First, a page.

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Ive never bought loose diamonds but the idea of them appeals to me, sparkling stones that I imagine come wrapped in a velvet cloth . . .
With her wonderful sense of humor, marvelously candid voice, and astonishing perception, Amy Ephron weaves together the most insightful, profound, and just plain funny stories of her life to form a tapestry of a womans experiences from childhood through young adulthood, marriage, divorce (and remarriage), and everything in between. Writing with great honesty and exacting prose, Ephron gives us an evocative, engaging, and often piercing look at modern life.
Along the way, we meet colorful and unforgettable characters such as the Birdman, who invited Ephron when she was a young girl into his Spanish-style home that hed magically turned into an exotic aviary. And theres Honey, the Cristal-loving Southern beauty, who struggles in her affairs with men and who orders champagne by the case. Ephron also recounts the afternoon she spent with the infamous Squeaky Fromme, and describes what happened after one of the mothers at her sons school rear-ended her car. Did it have anything to do with Ephrons soon-to-be ex-husband? And through it all is Ephrons mother, whose perspectives on everythingfrom shoes to egg cupspervade this book, and whose alcoholism was a constant challenge, forcing Ephron out on her own at an early age. Finally, Ephron professes her lifelong love affair with Saks Fifth Avenue in New York City, a touchstone and a companion in a world that always moves too fast and is sometimes upside down. It is an ode to a simpler time of elegance and style, and an incisive look at todays times.
Throughout Loose Diamonds, Amy Ephron celebrates these memories and her friendships, as well as her romances and marriages, and the things that make life livable (such as her Filofax, which she would be lost without). She writes unflinchingly about the fragility and tenuousness of life, how fortune can turn on a dime and circumstances arent always in our control. She explores the enduring effects of parental wisdom, the complications and rewards that marriage can bring, and the intricate ups and downs of friendshipsall with a quick wit and a delicate eye.
Amy Ephron is the bestselling author of the acclaimed novels One Sunday Morning and A Cup of Tea. Her magazine pieces and essays have appeared in Vogue; Saveur; House Beautiful; the National Lampoon; the Los Angeles Times; the Huffington Post; Defamer; her own online magazine, One for the Table; and various other print and online publications. She recently directed a short film, Chloe@3AM, which was featured at the American Cinematheques Focus on Female Directors Short Film Showcase in January 2011. She lives in Los Angeles with her husband, Alan Rader, and any of their five children who happen to drop in.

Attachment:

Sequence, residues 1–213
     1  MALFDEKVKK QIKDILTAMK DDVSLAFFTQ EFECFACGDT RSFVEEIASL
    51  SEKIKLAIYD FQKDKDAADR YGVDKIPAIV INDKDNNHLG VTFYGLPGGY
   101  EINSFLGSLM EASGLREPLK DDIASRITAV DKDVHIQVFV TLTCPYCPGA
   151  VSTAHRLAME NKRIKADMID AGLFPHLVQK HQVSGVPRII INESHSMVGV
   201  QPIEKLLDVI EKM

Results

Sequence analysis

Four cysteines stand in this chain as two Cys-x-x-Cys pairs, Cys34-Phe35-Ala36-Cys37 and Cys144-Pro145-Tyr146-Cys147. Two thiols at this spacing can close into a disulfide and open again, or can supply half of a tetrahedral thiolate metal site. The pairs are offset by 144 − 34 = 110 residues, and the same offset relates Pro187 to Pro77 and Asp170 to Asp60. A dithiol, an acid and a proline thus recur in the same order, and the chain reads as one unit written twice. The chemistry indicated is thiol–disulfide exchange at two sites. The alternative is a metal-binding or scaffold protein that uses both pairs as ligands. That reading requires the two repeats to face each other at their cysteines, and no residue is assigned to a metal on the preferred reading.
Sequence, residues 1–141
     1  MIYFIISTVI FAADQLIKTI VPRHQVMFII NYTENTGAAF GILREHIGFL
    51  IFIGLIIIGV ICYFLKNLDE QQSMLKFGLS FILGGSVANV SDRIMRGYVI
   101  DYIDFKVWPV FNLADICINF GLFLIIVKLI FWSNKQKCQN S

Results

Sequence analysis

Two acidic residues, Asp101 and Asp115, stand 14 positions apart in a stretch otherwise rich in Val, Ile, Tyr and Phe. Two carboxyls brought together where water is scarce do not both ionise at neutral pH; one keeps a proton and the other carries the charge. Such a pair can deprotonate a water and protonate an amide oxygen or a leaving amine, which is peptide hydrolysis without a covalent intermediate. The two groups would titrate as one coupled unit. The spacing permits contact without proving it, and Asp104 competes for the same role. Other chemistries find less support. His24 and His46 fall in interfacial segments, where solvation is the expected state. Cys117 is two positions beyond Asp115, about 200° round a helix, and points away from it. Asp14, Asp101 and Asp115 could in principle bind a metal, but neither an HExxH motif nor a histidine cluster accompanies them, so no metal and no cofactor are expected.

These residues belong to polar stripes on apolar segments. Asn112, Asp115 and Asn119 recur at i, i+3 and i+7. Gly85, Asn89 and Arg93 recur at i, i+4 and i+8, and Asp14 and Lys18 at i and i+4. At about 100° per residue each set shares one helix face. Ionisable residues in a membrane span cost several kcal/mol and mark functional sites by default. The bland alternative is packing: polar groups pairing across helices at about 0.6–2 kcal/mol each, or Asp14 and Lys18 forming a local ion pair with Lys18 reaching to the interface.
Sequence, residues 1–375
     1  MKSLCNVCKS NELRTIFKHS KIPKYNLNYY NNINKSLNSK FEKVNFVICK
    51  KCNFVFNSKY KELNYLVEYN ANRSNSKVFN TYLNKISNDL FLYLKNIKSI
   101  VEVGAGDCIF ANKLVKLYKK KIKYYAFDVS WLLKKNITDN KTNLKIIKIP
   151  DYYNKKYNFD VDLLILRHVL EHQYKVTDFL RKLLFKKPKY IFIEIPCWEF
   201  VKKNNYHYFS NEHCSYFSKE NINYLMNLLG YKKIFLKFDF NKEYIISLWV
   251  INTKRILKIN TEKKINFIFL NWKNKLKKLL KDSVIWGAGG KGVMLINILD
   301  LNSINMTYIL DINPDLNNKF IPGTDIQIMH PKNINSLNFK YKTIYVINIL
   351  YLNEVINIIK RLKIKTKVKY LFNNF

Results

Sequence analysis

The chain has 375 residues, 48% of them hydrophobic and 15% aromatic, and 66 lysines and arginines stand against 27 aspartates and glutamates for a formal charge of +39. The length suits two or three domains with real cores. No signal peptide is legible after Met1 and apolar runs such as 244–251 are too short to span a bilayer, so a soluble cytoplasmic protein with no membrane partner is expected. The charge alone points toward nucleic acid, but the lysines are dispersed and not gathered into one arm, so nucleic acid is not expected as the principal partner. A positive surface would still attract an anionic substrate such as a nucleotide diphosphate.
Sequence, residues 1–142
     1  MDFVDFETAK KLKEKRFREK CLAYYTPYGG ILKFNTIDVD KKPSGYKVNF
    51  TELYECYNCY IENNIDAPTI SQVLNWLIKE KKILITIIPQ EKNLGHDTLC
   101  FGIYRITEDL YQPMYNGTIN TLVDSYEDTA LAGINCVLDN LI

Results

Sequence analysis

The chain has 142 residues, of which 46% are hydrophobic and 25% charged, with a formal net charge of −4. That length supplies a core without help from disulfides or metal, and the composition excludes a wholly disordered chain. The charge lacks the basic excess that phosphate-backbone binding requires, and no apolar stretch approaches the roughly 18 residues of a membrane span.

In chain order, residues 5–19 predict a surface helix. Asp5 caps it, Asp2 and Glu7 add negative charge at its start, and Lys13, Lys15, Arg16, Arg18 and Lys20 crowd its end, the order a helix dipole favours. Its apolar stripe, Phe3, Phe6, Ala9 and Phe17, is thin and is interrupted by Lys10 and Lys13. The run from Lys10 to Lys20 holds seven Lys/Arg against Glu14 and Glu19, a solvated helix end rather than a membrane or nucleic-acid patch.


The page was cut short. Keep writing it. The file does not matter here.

“Must read ... goes back to her Los Angeles childhood and goes through her marriage, divorce, and remarriage.”
-Morgan Murrell, Harper's Bazaar
“In Loose Diamonds, Ephron offers a deeply honest and compelling look at the events that made her the woman she is today.”
-The Daily Beast
“A little gem... she is an expert at introspection as entertainment...the collection masters brevity and range.”
-Claire Howorth, The Daily
“A fun and engaging read... the pages turn themselves...Not only do the essays stand up on their own, the overarching themes unravel
-Julia Gazdag, Hello Giggles
“Readers will enjoy her poignant accessibility... this is a great women’s-interest title, appealing to lovers of Ephron’s historical fiction and to fans of humorous essays alike.”
-Annie Bostrom, Booklist
“All of these fascinating experiences and relationships described in Loose Diamonds add to the richness of this loosely woven set of essays. Ms. Ephron’s thoughts on marriage, divorce as well as her ‘Tips for Women getting a Divorce’ are written with wit and panache.”
-Laura Shultz, New York Journal of Books
“A frothy, lighthearted, often witty collection of essays about marriage, motherhood and the power of a good piece of jewelry.”
“The tales are variously charming, funny, poignant, and even hair-raising, as when [Ephron] finds herself spending an afternoon with Manson family alumna Squeaky Fromme.”
-Jewish Journal of Los Angeles
“Well-written, empathetic, and a joy.”
“Actively intelligent and utterly descriptive, Amy Ephron always makes you feel as if you’re right there with her feeling what she’s feeling and seeing what she’s seeing… Loose Diamonds is a sincerely-written book…that you shouldn’t miss.”